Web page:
After a long, eventful offseason, football is back and with it comes the annual release of EA Sports’ ‘Madden NFL’ video game. With the game hitting shelves this week (and Colin Kaepernick’s name officially back in the soundtrack), we are, once again, simulating an entire NFL season to determine just how accurate ‘Madden’ really is.
Here are 19 takeaways from Yahoo Sports’ simulated season:
The Jaguars were definitely not a fluke – A year after surprising the entire football world and nearly beating the Patriots in the AFC title game, Jacksonville not only got over that hump, but it also won the Super Bowl, defeating Philadelphia 13-7.
It wasn’t all bad for Philly – Sure, the Eagles lost in the Super Bowl, but they won the NFC East and conference for the second year in a row. On top of those accomplishments, Carson Wentz took home the league MVP award, throwing for more than 4,100 yards and 42 touchdowns.
Tom Brady was probably robbed – While Wentz’s team had a better record (13-3 vs 12-3-1) the 41-year-old Brady’s statistics were better (4,839 yards, 44 TDs, 14 INTs). We’d have given the MVP to Tom Terrific.
All good things come to an end – Despite his astonishingly good (virtual) season, Brady did decide to hang ‘em up. In addition to Brady, Eli Manning, Marshawn Lynch, Terrell Suggs, Brandon Marshall, Larry Fitzgerald, and Frank Gore called it a career.
Bolt of energy – In his second year as the Chargers head coach, Anthony Lynn led Los Angeles to a 13-3 record, winning the AFC West and being named NFL Coach of the Year in the process. Philip Rivers and Jatavis Brown also took home hardware, being named AFC Offensive and Defensive Players of the Year (‘Madden’ hands out awards for each conference)
Youth movement in Buffalo – Josh Allen and Tremaine Edmunds won the Offensive and Defensive Rookie of the Year awards, respectively.
Speaking of rookie QBs – Baker Mayfield essentially split time with Tyrod Taylor (more on him later), putting together a respectable line of 2,181 yards, 15 TDs, and 7 INTs. Fellow rookie QBs Josh Rosen and Sam Darnold did not see significant action.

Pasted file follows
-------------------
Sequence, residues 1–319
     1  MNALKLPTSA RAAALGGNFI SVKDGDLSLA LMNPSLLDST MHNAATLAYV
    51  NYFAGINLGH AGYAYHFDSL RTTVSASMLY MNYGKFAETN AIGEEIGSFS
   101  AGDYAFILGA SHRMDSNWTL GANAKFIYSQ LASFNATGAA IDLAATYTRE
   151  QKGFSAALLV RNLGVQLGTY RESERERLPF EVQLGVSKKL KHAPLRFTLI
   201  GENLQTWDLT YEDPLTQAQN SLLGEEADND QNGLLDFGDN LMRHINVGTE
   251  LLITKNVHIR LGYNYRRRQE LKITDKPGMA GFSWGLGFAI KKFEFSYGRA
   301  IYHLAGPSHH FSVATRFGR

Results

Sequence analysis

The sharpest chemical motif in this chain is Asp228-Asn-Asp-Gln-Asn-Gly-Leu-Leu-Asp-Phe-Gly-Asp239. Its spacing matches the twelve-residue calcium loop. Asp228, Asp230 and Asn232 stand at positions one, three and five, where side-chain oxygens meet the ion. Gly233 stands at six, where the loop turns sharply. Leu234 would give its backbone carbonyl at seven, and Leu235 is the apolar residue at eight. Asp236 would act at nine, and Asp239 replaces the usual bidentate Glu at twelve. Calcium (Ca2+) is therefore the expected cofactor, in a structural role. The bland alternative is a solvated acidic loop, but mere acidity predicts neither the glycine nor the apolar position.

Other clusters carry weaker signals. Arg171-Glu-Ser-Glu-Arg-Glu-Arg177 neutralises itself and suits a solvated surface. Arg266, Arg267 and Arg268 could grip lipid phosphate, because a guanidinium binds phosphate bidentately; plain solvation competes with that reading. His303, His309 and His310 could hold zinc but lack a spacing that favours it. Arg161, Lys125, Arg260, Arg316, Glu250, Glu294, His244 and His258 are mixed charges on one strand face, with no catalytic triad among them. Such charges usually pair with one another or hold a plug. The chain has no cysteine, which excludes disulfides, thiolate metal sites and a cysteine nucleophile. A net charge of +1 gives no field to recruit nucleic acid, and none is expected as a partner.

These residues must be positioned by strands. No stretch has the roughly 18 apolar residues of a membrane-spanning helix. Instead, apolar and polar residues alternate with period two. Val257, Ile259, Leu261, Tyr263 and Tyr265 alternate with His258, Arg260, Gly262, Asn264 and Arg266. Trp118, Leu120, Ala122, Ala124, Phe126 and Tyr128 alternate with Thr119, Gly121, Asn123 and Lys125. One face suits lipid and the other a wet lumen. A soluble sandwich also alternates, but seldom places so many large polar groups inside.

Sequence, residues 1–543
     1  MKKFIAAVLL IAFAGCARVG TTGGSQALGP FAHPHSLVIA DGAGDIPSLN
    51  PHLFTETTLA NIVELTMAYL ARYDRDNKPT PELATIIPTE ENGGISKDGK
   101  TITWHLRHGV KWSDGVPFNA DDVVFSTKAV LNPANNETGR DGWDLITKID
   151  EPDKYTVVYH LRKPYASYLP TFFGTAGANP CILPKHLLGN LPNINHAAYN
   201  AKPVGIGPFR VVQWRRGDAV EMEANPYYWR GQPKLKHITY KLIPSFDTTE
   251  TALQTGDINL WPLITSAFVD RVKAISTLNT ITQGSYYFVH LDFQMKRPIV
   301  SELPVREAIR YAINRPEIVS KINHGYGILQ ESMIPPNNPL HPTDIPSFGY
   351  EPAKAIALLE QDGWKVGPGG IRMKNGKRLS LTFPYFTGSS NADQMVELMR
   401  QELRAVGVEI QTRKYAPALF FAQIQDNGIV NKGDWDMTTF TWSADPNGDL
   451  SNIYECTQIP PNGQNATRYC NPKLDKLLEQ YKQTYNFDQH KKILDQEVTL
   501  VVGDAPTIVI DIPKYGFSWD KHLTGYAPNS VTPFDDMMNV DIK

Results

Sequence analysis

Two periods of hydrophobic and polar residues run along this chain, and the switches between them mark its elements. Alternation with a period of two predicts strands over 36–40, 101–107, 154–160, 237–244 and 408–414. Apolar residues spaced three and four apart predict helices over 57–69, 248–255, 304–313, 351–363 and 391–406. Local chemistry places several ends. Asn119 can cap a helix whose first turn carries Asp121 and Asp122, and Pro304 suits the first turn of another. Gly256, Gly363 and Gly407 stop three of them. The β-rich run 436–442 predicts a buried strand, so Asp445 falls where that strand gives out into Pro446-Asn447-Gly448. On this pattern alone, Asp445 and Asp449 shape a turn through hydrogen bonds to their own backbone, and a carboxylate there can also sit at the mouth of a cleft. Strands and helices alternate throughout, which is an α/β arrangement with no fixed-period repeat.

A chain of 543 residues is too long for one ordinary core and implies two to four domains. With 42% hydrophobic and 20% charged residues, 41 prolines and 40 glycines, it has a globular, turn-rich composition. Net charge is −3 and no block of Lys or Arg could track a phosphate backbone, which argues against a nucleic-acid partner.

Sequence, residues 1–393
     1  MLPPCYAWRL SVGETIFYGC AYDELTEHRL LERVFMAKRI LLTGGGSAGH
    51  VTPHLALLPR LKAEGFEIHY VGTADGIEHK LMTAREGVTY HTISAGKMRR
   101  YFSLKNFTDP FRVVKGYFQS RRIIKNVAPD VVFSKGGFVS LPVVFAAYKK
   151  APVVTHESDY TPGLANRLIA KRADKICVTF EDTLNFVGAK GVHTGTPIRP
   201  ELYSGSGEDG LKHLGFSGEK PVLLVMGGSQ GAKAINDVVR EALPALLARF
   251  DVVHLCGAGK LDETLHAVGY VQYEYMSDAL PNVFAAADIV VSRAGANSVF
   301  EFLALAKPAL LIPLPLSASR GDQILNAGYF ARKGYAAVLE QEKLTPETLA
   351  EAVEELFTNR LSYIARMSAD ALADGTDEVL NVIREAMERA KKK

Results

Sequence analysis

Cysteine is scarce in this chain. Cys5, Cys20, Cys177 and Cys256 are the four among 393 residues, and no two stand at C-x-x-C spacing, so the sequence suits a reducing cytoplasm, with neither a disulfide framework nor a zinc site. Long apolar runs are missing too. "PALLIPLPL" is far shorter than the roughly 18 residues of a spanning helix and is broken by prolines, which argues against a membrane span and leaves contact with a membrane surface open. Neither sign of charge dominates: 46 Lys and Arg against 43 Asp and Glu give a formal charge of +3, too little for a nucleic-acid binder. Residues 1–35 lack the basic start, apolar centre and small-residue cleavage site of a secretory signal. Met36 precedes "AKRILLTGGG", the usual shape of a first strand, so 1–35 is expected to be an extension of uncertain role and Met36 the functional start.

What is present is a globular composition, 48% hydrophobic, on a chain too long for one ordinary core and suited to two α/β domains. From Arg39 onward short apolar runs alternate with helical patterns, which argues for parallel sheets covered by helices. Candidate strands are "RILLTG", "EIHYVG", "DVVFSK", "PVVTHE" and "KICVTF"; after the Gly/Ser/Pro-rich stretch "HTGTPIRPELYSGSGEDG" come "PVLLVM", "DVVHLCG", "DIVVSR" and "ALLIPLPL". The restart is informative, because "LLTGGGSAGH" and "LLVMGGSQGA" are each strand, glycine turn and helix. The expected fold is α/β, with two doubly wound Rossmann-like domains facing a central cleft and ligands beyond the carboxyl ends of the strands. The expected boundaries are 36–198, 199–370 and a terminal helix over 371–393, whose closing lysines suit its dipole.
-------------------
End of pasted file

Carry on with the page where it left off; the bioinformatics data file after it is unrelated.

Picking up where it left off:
End of an (elite) era in Baltimore – While most expect Joe Flacco to hold onto the starting QB job this season, in ‘Madden,’ the Ravens wasted no time going to Lamar Jackson, who threw for more than 3,800 yards and 25 TDs.
Gronk’s still got it – In what appeared to be a down year for receivers, Rob Gronkowski led all pass catchers with 106 receptions and was the only one to top the century mark. Demaryius Thomas led in receiving yards (1,291) and Brandin Cooks in TDs (13)
Black hole for QBs – Khalil Mack swallowed up everything in opposing backfields, leading the league in sacks with 20.5 and finishing with a solid 12 tackles for loss for Oakland’s top-ranked defense.
Beasts of the East – Led by the Eagles, the NFC East was the best division in football, featuring three teams with winning records: Philadelphia, Washington (11-5), and Dallas (9-7). The Giants rounded things out, finishing 3-13 for the second season in a row.
Barkley a bust? – While most are projecting Saquon Barkley to be a game-changing, generational talent at running back, the Giants rookie finished with 342 rushing yards. He did account for significant production in the passing game, adding 605 yards through the air.
Lions coast to division title – The NFC North was absolutely brutal, with Detroit being able to win the division easily with a 9-5-2 record. No other team had a winning record.
You like that? No. – Despite signing Kirk Cousins to lead the offense, Minnesota finished 29th in the league and went from a 13-3 record in 2017 to a 5-11 one in 2018. Cousins finished with his lowest yardage (3,150) TD (18) and completion percentage (54%) since becoming a full-time starter.
Jimmy G stays hot – The 49ers QB led San Francisco to the playoffs for the first time since the 2013 season. Garoppolo finished with 4,097 passing yards, 25 TDs and 10 INTs.
Cleveland rocks – The Browns finished with an 8-8 record, tying Pittsburgh for the best mark in the AFC North. It also represented the biggest turnaround in the league after finishing 0-16 in 2017.
Brees bests Manning, Favre – The Saints QB jumped into first place on the NFL’s all-time passing yards list, finishing the season with 4,259, bringing him to 74,704 for his career. His 37 TDs in 2018 brought him to 525, just 14 away from Peyton’s all-time mark of 539.
Taylor heads back to the AFC East – With Brady retiring, New England turned to an old rival to take his place, signing Tyrod Taylor to a 3-year, $50.3 million contract in the offseason.
OBJ gets his wish – Despite having a down year (60 receptions, 774 yards, 4 TDs), the Redskins made Odell Beckham Jr. the highest-paid receiver in NFL history, signing him to a 4-year, $97.6 million contract ($24.4M annually).
More from Yahoo Sports:
• Dez Bryant reportedly not interested in joining Browns
• Pat Forde: Rally supporting Urban Meyer should shame Buckeye Nation
• Chris Mannix: With LeBron gone, Celtics and Brad Stevens ready to seize the East